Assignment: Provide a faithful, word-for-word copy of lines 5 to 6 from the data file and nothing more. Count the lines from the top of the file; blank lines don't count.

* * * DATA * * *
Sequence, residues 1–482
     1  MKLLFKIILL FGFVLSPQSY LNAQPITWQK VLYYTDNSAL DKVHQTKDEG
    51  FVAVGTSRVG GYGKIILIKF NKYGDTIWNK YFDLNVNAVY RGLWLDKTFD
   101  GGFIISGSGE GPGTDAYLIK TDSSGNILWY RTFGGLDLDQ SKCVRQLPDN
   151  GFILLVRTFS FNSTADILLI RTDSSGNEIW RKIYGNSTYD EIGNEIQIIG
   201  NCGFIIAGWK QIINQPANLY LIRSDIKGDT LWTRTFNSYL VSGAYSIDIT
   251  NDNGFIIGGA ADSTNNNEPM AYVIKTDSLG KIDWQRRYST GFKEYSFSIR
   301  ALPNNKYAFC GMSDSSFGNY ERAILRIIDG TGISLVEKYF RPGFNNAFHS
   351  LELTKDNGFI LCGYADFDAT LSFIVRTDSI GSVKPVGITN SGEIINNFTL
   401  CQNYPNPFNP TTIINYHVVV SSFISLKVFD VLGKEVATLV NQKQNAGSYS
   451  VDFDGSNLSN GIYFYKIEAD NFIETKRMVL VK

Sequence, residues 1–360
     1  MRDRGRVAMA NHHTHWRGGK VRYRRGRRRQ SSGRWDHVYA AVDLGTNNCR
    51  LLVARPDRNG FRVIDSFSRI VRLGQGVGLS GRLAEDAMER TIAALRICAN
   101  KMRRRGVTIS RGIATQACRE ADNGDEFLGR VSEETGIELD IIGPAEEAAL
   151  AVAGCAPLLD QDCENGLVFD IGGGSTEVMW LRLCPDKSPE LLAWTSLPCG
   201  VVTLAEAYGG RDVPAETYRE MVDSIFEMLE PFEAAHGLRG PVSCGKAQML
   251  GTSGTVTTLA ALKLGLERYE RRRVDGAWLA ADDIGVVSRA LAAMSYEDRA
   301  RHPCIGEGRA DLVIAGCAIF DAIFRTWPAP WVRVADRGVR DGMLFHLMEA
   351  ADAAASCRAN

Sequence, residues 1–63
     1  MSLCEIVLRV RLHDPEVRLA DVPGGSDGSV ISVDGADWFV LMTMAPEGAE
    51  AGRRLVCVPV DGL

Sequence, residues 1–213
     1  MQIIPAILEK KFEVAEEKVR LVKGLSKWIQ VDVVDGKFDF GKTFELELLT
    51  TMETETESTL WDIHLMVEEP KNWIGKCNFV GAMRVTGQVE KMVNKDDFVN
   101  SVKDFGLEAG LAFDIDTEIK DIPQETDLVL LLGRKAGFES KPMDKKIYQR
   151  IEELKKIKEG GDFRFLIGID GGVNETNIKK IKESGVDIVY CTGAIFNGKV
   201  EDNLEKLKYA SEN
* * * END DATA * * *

   151  GFILLVRTFS FNSTADILLI RTDSSGNEIW RKIYGNSTYD EIGNEIQIIG
   201  NCGFIIAGWK QIINQPANLY LIRSDIKGDT LWTRTFNSYL VSGAYSIDIT